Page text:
Operation Countryman: The Flawed Enquiry into London Police Corruption
£12.99, Pen & Sword True Crime
Operation Countryman was the investigation by Dorset Police of corruption in the City of London and Metropolitan Police in the late 1970s and 1980s. Generally agreed to have been a disaster, having cost millions and resulted in a very small number of convictions, debate still rages about whether this was a result of incompetence by the investigating force (nicknamed ‘The Swedey’ because of their rural roots), or interference from London-based senior police and politicians.
Definitive answers, should they exist, will not be available for some time as the Home Office is not due to release its papers on the matter until 2067.
Into that vacuum steps Dick Kirby, a former Metropolitan Police officer, who (as the blurb puts it) ‘use[s] his knowledge and contacts to lift the lid on the shambolic… enquiry’. In the course of just under 200 pages, Kirby charts the investigation through various testimonials and (as the use of ‘shambolic’ foreshadows) finds it wanting.
As a piece of investigative research it is formidable, but it does not make for an easy read. As the outcomes of the operation remain largely under wraps and as the resulting prosecutions were so few, there is little dramatic resolution in what is reported. A perennial – though understandable – problem with works such as this is the large number of people referenced. Combined with the absence of chapter titles and breaks in the text, this means it can be difficult to follow the train of thought, obscuring the central thesis.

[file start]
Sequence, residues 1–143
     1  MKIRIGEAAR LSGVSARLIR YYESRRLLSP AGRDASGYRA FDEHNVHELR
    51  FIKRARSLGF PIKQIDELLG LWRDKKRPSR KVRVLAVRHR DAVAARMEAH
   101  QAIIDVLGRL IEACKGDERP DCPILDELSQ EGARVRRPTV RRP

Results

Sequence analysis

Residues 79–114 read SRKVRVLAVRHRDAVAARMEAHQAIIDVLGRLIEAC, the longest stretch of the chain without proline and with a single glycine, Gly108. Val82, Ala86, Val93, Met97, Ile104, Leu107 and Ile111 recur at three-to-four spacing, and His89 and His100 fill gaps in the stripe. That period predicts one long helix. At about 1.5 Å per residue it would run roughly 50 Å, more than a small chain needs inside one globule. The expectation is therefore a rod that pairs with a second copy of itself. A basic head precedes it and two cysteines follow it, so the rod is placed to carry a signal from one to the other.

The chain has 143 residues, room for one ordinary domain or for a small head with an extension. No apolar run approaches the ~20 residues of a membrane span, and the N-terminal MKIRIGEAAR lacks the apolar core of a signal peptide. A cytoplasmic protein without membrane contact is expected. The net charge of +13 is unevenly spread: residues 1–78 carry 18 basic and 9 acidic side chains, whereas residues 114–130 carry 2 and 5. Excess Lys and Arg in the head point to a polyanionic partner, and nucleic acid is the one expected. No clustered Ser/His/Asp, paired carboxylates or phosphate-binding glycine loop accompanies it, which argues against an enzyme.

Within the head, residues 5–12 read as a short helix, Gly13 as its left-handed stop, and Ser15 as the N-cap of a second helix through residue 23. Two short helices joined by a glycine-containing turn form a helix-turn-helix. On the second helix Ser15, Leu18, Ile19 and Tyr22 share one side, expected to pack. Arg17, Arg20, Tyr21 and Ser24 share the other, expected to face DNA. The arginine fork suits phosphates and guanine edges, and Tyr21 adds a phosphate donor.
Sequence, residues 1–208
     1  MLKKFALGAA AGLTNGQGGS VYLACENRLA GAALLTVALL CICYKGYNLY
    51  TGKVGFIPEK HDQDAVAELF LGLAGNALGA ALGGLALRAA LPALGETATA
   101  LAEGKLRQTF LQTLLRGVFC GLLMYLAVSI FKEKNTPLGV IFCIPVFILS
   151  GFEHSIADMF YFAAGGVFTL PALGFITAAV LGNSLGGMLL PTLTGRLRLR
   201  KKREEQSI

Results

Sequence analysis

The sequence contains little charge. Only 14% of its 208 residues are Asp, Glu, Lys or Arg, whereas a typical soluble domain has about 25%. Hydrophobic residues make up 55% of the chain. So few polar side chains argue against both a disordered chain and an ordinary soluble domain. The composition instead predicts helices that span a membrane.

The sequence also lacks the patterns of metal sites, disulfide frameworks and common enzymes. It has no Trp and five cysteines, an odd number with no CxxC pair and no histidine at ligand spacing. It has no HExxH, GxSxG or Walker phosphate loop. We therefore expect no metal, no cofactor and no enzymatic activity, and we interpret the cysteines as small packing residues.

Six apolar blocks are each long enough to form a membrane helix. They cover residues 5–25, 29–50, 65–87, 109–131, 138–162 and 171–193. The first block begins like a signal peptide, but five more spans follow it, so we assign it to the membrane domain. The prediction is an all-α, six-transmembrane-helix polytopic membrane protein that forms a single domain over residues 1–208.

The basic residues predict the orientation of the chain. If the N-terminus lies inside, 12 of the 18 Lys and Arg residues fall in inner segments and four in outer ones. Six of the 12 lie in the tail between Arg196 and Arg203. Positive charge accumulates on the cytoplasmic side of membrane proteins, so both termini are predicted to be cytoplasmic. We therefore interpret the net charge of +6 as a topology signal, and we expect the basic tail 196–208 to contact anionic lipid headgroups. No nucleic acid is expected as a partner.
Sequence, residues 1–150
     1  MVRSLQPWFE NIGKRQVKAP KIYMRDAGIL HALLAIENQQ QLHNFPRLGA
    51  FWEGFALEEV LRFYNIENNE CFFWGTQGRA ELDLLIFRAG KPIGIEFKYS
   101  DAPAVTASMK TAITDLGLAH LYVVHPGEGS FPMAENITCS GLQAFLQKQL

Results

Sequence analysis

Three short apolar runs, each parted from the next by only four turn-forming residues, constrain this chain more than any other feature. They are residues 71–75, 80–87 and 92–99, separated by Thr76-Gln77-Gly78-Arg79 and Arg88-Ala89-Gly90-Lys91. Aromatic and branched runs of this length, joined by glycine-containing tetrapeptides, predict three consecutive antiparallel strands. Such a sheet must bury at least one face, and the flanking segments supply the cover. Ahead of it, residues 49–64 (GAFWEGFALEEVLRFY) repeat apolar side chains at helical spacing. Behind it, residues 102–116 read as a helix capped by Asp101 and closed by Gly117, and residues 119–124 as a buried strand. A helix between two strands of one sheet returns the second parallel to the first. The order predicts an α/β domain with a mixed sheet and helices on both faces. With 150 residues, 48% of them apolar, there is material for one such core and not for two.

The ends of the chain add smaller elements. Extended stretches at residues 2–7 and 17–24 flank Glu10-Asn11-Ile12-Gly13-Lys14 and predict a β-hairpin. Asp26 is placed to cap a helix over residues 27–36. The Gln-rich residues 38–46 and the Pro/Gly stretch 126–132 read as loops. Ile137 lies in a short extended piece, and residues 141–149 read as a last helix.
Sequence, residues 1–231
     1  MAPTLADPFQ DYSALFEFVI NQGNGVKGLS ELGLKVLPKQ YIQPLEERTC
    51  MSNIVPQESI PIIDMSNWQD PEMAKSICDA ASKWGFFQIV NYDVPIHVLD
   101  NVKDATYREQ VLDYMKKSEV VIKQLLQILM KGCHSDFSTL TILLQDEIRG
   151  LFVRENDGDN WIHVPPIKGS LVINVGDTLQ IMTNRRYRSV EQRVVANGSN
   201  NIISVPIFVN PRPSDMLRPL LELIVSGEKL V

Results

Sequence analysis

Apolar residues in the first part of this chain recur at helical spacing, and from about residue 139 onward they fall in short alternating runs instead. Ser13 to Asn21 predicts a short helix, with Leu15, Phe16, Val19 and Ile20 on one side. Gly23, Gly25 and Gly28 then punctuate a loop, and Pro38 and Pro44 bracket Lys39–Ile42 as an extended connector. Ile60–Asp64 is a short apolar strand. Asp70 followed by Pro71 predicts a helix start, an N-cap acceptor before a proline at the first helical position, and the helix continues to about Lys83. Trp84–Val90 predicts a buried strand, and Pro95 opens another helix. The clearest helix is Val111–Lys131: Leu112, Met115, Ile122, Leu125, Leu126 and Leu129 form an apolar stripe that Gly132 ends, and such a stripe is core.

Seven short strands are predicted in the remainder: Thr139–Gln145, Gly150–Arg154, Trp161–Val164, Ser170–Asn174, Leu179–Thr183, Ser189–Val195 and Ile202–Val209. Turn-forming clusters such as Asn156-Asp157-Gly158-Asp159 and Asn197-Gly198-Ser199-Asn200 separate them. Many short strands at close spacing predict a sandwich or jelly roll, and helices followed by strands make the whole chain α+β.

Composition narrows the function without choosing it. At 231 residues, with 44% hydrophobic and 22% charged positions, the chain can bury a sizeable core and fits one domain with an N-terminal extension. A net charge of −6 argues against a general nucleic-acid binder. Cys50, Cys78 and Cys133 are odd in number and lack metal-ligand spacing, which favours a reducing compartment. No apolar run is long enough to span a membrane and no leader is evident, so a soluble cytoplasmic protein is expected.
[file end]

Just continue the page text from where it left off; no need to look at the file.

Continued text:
Other books which cover similar ground (see particularly Michael Gillard and Laurie Flynn’s 2012 Untouchables: Dirty cops, bent justice and racism in Scotland Yard) perhaps dedicated more time to sculpting the narrative, to balance pace against conveying the intricacies of complex matters. A partisan writing style also puts the reader on edge – is this fact or op-ed?
Extensive comment is devoted to the role freemasonry played in police corruption, and there is much of interest in the on-the-record reports of how those ‘on the square’ may have influenced matters. This is a diligent review of a dark period in policing, making the point that both the investigated and investigators faced the end of their careers. In 50 years, when the government’s papers are released, we may know the rights and wrongs of the operation; unless and until then, this is a valuable report on the murky world of policing the police.
Tom Garbett is a solicitor